Levitt and Dubner are economists exploring how economics can explain phenomenon in everyday life – including drops in crime rate and the impact parenting has on children. The two discover fascinating explanations, and may just change the way people view economics.

Lovins, Amory. Soft Energy Path: Towards a Durable Peace. 1977.
Lovins compares “soft energy” and “hard energy” paths, arguing for “soft energy” and that we can rely on less energy supply than is usually assumed.

Muir, John. My First Summer in the Sierra. 1911, 2004.
A collection of journal entries Muir wrote during his time as a sheep herder in the Sierra Nevada details the beautiful surroundings he encountered and explains his transformation from an industrial engineer to a pioneer of the environmental movement.

Thoreau, Henry David. Walden.
An autobiography written when Thoreau spent two years living in a forest near Walden Pond provides a detailed account of his time living off the land and presents his critique of the contemporary Western world.

Wheelwright, Jeff. Degrees of Disaster: Prince William Sound: How Nature Reels and Rebounds. 1996.
An account of the ecological effects of the 1989 Exxon Valdez oil spill on Prince William Sound, telling the complex story of a region where natural disturbance is normal. Wheelright concludes that the clean up efforts may have caused more damage than the oil did and that, left alone, the Sound would have repaired itself quickly.

Wilson, Edward O. The Diversity of Life. 1999, 2003.
With fascinating stories and rich detail, biologist Edward O. Wilson surveys the origin and role of species diversity and discusses areas of ongoing research in this field.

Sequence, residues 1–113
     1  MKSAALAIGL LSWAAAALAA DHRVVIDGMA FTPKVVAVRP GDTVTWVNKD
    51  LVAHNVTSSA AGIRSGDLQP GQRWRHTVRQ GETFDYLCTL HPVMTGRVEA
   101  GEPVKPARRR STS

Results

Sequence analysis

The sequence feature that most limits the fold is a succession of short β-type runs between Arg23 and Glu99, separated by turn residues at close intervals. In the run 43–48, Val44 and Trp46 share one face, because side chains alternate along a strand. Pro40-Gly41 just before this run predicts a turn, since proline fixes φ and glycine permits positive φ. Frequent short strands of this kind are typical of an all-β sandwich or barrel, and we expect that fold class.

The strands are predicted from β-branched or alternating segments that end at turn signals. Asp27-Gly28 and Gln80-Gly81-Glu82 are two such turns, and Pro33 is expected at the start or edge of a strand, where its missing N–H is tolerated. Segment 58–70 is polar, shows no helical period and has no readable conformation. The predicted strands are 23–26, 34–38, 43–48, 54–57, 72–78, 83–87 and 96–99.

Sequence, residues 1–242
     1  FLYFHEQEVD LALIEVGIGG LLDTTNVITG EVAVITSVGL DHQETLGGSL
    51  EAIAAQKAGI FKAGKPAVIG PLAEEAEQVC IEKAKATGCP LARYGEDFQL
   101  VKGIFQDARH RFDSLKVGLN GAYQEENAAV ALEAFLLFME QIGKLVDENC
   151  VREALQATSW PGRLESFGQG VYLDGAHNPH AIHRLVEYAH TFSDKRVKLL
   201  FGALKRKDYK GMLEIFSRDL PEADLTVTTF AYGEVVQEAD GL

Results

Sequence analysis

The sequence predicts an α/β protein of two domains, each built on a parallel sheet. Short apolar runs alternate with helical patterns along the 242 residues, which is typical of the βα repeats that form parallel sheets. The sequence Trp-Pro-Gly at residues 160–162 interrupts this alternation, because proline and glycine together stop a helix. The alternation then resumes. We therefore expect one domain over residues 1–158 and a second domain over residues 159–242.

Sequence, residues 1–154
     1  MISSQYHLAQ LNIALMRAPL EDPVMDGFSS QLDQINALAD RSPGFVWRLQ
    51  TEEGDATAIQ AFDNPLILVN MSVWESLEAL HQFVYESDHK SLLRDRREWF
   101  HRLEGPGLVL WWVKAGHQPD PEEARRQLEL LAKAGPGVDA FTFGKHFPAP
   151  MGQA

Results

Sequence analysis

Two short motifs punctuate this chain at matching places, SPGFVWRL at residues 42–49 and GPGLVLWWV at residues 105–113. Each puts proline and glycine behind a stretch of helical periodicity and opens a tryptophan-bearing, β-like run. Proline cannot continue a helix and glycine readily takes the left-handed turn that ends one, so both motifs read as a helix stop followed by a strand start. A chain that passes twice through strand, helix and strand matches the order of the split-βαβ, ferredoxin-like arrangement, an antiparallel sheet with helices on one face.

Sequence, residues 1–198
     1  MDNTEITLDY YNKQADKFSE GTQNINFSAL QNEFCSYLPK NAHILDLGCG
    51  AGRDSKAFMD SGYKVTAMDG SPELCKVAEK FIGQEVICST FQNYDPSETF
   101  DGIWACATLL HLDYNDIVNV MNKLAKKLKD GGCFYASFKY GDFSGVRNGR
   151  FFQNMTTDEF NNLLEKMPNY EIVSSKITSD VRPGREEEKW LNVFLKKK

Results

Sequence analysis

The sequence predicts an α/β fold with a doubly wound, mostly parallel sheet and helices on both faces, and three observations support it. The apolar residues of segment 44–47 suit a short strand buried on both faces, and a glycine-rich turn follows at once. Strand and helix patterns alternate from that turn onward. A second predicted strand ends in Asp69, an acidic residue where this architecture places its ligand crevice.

Mission Statement

Just though we should get something started. We are a new group still finding our identity, if you would like to be involved please respond to this post and someone will get back to you soon.

Sustainable Anchorage is a non-profit citizens’ group dedicated to education and activism about all matters concerning sustainability, conservation and social justice. S.A. offers sustainable, Alaska-specific solutions for businesses, government and civil society in Alaska.


To develop swift, creative, lasting solutions to the problems that ail us and to popularize them or carry them out guerilla-style when popularizing them is not practical in this generation.

To pool intellectual and skill resources from around Alaska to reach sensitive, democratic, sophisticated solutions to problems of energy, the environment and good living.

To create and facilitate a conversational forum for forward-thinking and unending education about sustainability issues, and to apply the ideas from that forum (including readings, lectures, seminars, field trips, etc) to the unique challenges of Alaska and to our activism.

To make sure elected officials make decisions based on careful research from a variety of reliable sources, and are not subjecting Alaskans to the whims of their “gut”.